Most Tragic Deaths in Formula One

Like with most sports, Formula One evolved tremendously over time. Technological advancements in car manufacturing saw new waves of race cars emerge at an exponential rate, resulting in faster clock speeds and more aerodynamic designs.

Although many precautions have been put into place to provide safety to drivers, fatalities in Formula One are inevitable. When speeds reach 220 mph, even the slightest miscalculation or maneuver by a driver can cause a high speed crash.

The sport has lost 51 drivers since its inception, as well as staff and spectators that were involved in some horrible crashes and many legendary racers have had their lives taken away at peak moments in their careers.

Here are 10 of the most tragic deaths of Formula One drivers.

10. Peter Collins

Peter Collins died a frighteningly similar death to his teammate Luigi Musso, that same year in another race. He was only 26 years old when he was killed in an accident during the 1958 German Grand Prix. Like Musso earlier that year, Collins was driving excessively fast when his car hit a ditch, summersaulted into the air and landed upside down.

As the car summersaulted, Collins was ejected from the seat and struck a tree. Like Musso, he sustained critical head injuries and died shortly after the accident occurred. Collins’ teammate Mike Hawthorn, quit racing all together after learning of Collins’ death.

Only six months after retiring from racing, Hawthorn also died a tragic death caused by a roadside accident when he was driving on the Guilford bypass in England. His death caused shockwaves around the world because he and his teammates, Collins and Russo, all died from tragic car accidents within less than a year from each other.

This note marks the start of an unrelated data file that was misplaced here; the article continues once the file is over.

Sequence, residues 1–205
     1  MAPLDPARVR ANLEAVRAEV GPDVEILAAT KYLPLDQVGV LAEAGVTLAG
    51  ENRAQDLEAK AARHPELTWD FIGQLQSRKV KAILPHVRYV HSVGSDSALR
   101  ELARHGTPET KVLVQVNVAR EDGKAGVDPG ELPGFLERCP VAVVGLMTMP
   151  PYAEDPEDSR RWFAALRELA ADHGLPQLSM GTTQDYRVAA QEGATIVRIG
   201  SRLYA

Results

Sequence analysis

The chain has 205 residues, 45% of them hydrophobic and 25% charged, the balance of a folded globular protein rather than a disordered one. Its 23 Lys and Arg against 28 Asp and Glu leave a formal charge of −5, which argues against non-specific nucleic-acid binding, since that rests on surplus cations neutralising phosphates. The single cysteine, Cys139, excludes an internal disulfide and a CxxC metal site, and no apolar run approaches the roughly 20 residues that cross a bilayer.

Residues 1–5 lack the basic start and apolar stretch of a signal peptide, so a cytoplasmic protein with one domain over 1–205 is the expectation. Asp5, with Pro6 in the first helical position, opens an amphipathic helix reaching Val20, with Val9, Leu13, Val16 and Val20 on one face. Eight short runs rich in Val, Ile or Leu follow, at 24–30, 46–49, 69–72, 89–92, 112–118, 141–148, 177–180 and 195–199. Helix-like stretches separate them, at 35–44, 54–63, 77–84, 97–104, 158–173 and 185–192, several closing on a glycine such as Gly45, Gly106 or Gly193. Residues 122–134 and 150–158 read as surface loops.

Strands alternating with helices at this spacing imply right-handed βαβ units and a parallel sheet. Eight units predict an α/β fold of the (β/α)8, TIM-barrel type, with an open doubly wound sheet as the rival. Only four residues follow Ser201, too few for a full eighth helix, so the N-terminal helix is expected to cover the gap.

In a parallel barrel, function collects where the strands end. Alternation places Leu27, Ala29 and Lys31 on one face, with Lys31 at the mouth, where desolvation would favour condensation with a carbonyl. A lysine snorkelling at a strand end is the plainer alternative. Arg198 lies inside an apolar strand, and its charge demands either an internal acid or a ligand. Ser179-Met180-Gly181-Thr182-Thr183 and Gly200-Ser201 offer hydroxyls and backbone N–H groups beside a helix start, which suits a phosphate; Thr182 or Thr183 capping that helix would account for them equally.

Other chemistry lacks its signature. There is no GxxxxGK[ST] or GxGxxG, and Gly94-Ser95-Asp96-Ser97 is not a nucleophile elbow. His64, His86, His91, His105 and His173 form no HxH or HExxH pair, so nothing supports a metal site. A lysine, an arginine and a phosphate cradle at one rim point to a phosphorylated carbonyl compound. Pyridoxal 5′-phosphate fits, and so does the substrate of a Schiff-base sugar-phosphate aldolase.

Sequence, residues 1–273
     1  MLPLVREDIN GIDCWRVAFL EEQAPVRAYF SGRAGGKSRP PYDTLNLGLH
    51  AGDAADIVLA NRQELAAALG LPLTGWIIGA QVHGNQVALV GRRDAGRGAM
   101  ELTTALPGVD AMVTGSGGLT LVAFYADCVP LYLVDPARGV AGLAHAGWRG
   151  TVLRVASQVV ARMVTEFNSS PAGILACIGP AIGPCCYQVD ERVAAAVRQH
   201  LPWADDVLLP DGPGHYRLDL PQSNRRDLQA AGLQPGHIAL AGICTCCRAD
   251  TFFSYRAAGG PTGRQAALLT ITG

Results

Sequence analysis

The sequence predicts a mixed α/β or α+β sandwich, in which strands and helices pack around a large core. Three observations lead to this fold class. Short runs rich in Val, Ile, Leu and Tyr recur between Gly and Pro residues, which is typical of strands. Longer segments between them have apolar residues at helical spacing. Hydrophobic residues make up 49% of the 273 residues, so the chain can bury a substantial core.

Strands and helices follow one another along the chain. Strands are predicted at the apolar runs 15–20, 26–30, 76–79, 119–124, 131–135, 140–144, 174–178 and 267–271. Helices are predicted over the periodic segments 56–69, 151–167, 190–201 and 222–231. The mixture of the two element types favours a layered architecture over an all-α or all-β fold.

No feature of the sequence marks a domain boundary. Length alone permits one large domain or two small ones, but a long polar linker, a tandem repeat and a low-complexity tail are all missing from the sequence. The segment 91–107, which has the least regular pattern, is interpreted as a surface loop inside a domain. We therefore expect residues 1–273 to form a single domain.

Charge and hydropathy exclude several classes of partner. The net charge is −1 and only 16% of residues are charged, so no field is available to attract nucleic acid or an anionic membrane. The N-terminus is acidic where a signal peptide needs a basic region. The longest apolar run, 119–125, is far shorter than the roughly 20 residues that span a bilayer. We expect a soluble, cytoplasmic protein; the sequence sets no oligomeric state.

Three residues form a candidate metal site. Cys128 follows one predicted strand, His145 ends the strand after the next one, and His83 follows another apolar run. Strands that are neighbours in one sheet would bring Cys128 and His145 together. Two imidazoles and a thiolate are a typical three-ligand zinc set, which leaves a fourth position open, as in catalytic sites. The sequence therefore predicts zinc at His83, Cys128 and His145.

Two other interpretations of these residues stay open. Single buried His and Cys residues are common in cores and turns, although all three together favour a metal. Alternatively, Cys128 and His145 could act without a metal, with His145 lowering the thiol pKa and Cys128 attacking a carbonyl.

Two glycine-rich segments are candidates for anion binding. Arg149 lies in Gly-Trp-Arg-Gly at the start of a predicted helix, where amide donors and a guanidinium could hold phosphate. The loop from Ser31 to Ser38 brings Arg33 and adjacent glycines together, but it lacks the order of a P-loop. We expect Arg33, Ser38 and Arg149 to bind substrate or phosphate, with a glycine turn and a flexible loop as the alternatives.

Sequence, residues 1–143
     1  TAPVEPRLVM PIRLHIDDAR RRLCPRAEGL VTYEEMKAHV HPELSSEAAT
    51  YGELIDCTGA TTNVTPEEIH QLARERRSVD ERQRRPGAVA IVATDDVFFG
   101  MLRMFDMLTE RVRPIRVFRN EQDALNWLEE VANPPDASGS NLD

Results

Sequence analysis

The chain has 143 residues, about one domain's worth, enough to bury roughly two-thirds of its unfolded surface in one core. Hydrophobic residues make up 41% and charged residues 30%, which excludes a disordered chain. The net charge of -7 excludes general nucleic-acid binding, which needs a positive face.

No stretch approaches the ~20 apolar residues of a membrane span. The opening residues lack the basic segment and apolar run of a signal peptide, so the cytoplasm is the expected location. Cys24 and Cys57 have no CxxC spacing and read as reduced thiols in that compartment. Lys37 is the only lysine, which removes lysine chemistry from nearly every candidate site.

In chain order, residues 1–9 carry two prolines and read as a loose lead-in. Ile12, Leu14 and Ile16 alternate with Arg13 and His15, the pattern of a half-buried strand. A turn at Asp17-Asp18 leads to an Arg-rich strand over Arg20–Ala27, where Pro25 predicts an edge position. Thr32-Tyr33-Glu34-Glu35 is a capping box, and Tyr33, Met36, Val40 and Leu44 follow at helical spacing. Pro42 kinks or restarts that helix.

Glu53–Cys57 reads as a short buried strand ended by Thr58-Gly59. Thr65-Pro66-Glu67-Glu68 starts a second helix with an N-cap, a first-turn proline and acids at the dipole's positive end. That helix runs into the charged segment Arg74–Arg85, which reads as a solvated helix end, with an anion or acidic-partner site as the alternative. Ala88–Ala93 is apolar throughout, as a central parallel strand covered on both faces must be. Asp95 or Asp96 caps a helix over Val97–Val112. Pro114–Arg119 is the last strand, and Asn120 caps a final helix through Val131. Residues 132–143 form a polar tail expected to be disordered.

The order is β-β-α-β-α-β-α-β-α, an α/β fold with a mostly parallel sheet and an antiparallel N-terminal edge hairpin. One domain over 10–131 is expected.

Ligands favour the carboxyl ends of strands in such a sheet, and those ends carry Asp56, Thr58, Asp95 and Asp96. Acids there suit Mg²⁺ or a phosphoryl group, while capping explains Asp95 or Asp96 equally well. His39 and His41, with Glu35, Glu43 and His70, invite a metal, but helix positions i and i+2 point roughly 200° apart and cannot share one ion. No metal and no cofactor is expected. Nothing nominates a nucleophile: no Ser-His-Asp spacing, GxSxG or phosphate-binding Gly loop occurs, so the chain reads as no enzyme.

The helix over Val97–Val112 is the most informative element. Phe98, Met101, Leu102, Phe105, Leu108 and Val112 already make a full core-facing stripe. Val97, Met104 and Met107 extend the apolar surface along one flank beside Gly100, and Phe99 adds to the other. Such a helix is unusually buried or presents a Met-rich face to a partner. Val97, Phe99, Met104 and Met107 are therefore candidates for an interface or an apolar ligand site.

The Hawthorn Memorial Trophy was created in his honor and is awarded to the most successful British F1 driver. The current trophy holder is 2015 World Champion, Lewis Hamilton.

9. Eugenio Castellotti


Eugenio Castelotti was a Formula One driver from Italy. Castelotti was famous during his lifetime for his very public relationship with actress and ballerina Delia Scala. He was equally famous for his cool demeanor and tailored clothing.

A local benefactor from Italy provided Eugenio with a Ferrari at the tender age of 20 years old. He began officially racing cars in 1952 and eventually made his debut in the Grand Prix on January 16th, 1955, with the Lancia team. He set a world record for being the youngest driver to secure a pole position during the 1955 Belgian Grand Prix, at just 24 years old.

Like many of his counterparts, Eugenio died at a very young age. He was 26 years old when he was test driving a new Ferrari Grand Prix car that would be used for the 1957 season.

He crashed his car when driving on the Modena Autodrome track and his body was tossed 100 yards away. He was determined to have died immediately upon impact due to severely fracturing his skull.